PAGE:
When you think mineral wool, you think of Roxul, easily the best known brand on the market. Mineral wool is also known as stone wool because it is made of basalt rock and steel slag, making it a favorite choice of green builders. Easy to work with, fire-resistant, sound resistant, and water resistant. It’s the only insulation recognized by code as a firestop.
ComfortBoard is Roxul’s exterior insulation. With an R-value of 4, it is lower than most rigid foams, however, there is no reduction in R-value over time, which will happen with foam insulation materials that rely on lower-conductivity blowing agents that slowly leak out or allow air to leak in.
Mineral wool is highly vapor-permeable and easy to install. Roxul is approximately .64 cents per board foot.
Cork: R-3.6 per inch
Thermacork, is the most widely recognized an all-natural rigid insulation material made from expanded cork. It offers excellent acoustic control, is highly durable, has high vapor permeability, and meets fire-safety requirements without flame retardants. It is labeled Red List Free for use in Living Building Challenge projects.
Cork is by far the greenest of the green in the insulation category, but it’s significantly higher cost and limited availability make it more of a niche product.
It’s important to take your specific climate into consideration when evaluating building materials.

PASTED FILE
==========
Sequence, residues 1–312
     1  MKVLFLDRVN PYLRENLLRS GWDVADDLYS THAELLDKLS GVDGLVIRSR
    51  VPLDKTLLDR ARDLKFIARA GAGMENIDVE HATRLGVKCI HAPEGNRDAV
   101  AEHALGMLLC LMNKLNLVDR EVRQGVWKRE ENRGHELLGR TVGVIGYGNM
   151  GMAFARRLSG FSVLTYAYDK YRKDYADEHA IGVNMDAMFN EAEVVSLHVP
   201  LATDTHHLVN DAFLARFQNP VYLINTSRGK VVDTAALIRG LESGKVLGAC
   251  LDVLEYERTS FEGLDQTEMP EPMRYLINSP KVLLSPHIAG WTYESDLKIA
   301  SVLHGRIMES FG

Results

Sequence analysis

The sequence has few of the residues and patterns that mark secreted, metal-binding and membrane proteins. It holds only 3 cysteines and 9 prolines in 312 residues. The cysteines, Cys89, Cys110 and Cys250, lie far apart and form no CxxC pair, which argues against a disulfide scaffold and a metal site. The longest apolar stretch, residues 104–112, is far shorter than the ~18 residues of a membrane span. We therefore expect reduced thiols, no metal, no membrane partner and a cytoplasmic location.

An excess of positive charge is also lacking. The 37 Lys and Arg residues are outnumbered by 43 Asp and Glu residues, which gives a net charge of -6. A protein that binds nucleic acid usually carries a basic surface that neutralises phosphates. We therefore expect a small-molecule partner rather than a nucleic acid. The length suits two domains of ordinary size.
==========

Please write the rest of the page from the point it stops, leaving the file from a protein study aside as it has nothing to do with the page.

EPS and XPS increase in R-value as the temperature drops. A great thing if you’re in Wisconsin. However with Polyiso, the R-value actually decreases when the temperature drops. Not such a great thing when you’re in Wisconsin.
To choose the best continuous insulation for your project, analyze all of the variables: performance needs, climate, building codes, and budget.
No matter which continuous insulation you choose, proper installation is critical to achieving the desired performance.
Our energy-efficient homebuilders in Utah, Thomas & Melissa Griffiths, did extensive research on the features and benefits of the different types of exterior insulation, and decided on Atlas EnergyShield Polyiso for their dream home.
Thomas wanted the highest R-value his budget would permit, and appreciated the fact that he could use the continuous insulation as his WRB. To eliminate the thermal bridge around their Alpen 525 Series windows, they chose ThermalBuck. Take a look at their recent ThermalBuck installation below.
ThermalBuck simplifies the installation of windows with all types of continuous insulation, making a truly high-performance building envelope. To see additional installation steps, strength and installation challenges, view the ThermalBuck Installation page.
For an in-depth conversation about rigid foam types, we recommend the experts at Green Building Advisor. For additional videos of polyiso installation, we recommend this one by Synergy Construction. Of course we would recommend the use of ThermalBuck over the plywood bucks, to limit thermal bridging and improve the performance of the window installation.
While written in 2010, this piece from Green Building advisor about Using Rigid Foam as a WRB, still has merit. Updated in January of 2016, ICC document AC71 Foam Plastic Sheathing Panels Used as Weather-resistive Barriers establishes guidelines for evaluation of foam plastic sheathing panels used as water-resistive barriers in combustible construction. See your rigid foam manufacturer specifications for more information.